Like other members of the aminoglycoside group, STR interacts with bacterial cell surfaces through ionic bonding to access the periplasmic space [13,42]. It is then transported into the cytoplasm by membrane channels created by proton motive forces, like electron transporters. Once inside the cytoplasm, STR binds to the 30S ribosome subunit [13,42]. This binding occurs upon the establishment of chemical interactions between the drug, different regions in the 16S rRNA, and the K45 residue in the S12 ribosome protein (Figure 2) [42,43,44]. These interactions block elongation, inhibit initiation, and promote the misreading of codons, thus hampering protein synthesis and translational proofreading and ensuring the bactericidal effect [42,44]. Nonetheless, aminoglycosides are known to be less active under anaerobic conditions, such as the ones commonly found within the granulomas of TB patients [42,44].

3.2. Molecular Mechanisms of Streptomycin Resistance

3.2.1. Streptomycin Resistance Mutations in rpsL, rrs, and gid

Resistance to STR is primarily associated with mutations in the M. tuberculosis genome occurring in the genes rpsL, rrs, and gid. These genes encode for the S12 protein, 16S rRNA, and the S-adenosyl methionine dependent 7-methylguanosine methyltransferase, respectively [28,39,45,46,47,48,49,50,51]. The most-reported STR resistant mutations occur in codons 43 and 88 of the rpsL gene or in the surroundings of nucleotides 530 and 912 of rrs. The mutation Lys43Arg in rpsL was frequently found among the so-called “Beijing strains”, a lineage 2 genotype often associated with MDR and XDR outbreaks. Several STR resistant variants commonly identified in gid are non-synonymous SNPs. Furthermore, a frameshift mutation in this locus can also contribute to the development of STR resistance [21,32,52,53,54]. In a recent study, novel candidates of STR resistance mutations not listed in the major DR mutation databases were identified [23]. Interestingly three of them, gid (Ile11Thr, Cys191Trp, and Val112Gly), were identified in inferred transmission clusters containing only isolates that were phenotypically resistant to STR, suggesting high transmissibility [23]. Furthermore, another recent study also proposed that the substitution of Val for Gly in the amino acid 112 of gid was associated with STR resistance [55]. The incomplete knowledge on all mutations that confer STR resistance is likely causing underreporting of the DR levels in studies only based on genetic analysis. On the other hand, one variant in gid, Leu16Arg, was incorrectly described in the past as a resistant conferring mutation before different studies found that it was present both in STR susceptible and resistant clinical isolates from the M. tuberculosis LAM sub-lineage of lineage 4. Similarly, other STR polymorphisms were also described as markers for lineage 2 sub-lineages commonly known as “Beijing”. For example, the gid mutations Glu92Asp, Ala205Ala, and Val110Val were found regardless of the STR status in all clinical isolates from sub-lineages of lineage 2 [49,54,55,56,57,58]. Overall, these results suggest that the gid gene is likely involved in lineage or sub-lineage evolution in addition to its relevance in DR [21,49,51,55]. Similarly, the 491 c > t mutation in rrs was reported as a marker of the L4.3.2 (LAM3) genetic taxa within the LAM sub-lineage of lineage 4. Table 1 summarizes the mutations described in the literature to be associated with STR resistance in the genes rpsL, rrs, and gid. Of note, some of the indicated polymorphisms were only recently identified and associated with STR resistant M. tuberculosis isolates; it is possible that other mutations conferring STR resistance are still to be uncovered.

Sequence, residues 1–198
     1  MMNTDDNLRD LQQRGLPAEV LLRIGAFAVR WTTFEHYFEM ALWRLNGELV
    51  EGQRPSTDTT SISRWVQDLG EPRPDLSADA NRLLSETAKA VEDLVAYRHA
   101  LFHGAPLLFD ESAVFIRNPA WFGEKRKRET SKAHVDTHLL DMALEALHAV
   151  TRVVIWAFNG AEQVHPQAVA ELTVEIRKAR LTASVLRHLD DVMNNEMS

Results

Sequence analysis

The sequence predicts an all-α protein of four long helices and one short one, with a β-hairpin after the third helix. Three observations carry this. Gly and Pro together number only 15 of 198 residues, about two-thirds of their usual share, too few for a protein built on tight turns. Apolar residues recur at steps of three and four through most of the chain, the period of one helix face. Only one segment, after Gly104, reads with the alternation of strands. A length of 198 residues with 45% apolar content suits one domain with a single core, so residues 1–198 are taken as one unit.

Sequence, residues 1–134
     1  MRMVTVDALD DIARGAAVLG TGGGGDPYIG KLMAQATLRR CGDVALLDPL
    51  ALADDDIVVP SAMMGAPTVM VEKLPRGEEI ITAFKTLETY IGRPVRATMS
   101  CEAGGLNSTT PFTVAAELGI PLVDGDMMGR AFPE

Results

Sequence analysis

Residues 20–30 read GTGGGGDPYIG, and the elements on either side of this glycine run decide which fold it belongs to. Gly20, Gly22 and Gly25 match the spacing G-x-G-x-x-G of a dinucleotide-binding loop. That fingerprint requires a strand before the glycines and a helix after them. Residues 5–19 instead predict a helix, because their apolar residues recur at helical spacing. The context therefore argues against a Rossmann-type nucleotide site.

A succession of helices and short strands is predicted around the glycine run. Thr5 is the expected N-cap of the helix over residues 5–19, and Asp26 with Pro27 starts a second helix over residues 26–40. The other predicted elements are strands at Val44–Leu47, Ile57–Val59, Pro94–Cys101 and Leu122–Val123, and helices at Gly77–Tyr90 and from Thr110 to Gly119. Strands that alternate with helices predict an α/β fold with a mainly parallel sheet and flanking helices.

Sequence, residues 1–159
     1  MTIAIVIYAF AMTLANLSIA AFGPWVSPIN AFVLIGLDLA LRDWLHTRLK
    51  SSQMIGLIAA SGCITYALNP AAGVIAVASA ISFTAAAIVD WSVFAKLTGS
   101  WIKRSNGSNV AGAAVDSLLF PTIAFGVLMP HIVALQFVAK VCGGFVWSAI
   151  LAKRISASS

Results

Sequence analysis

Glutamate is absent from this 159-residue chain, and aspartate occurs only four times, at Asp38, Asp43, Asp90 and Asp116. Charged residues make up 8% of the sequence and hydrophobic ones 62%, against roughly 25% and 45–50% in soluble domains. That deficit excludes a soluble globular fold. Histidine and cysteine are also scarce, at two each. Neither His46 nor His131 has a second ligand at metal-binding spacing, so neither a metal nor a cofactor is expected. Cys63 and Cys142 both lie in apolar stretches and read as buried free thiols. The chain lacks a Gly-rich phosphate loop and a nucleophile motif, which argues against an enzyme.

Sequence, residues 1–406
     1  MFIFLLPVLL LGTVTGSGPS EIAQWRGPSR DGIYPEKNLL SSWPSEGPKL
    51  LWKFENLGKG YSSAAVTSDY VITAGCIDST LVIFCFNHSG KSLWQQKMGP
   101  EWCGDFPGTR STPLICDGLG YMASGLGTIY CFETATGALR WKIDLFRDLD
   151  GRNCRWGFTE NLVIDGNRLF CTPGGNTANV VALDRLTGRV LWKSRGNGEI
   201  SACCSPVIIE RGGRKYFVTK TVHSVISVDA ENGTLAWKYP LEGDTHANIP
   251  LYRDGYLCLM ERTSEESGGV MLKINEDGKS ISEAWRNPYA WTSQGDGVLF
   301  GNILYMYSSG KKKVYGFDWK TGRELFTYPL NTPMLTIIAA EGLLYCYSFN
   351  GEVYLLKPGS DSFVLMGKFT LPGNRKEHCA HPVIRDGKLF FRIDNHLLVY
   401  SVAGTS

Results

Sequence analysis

It was previously suggested that different mutations in rpsL, rrs, and gid trigger different levels of STR resistance. For example, the polymorphism Lys43Arg in the rpsL gene was associated with high resistance levels (minimum inhibitory concentration (MIC) > 10 µg/mL), mutations in the rrs locus mapped in the 530 loop and the vicinity of the nucleotide 912 were associated with intermediate to high resistance levels, while several gid polymorphisms have been correlated with low-level STR resistance (MIC circa 1–2 µg/mL) [11,55,56,57]. Nevertheless, data from recent studies supported that mutations in gid can also be found in strains with high resistance levels [23,58]. It is likely that the different levels of STR resistance depend on the location of the mutation on rpsL, rrs, or gid genes, on the genomic context of the isolate, and possibly other factors.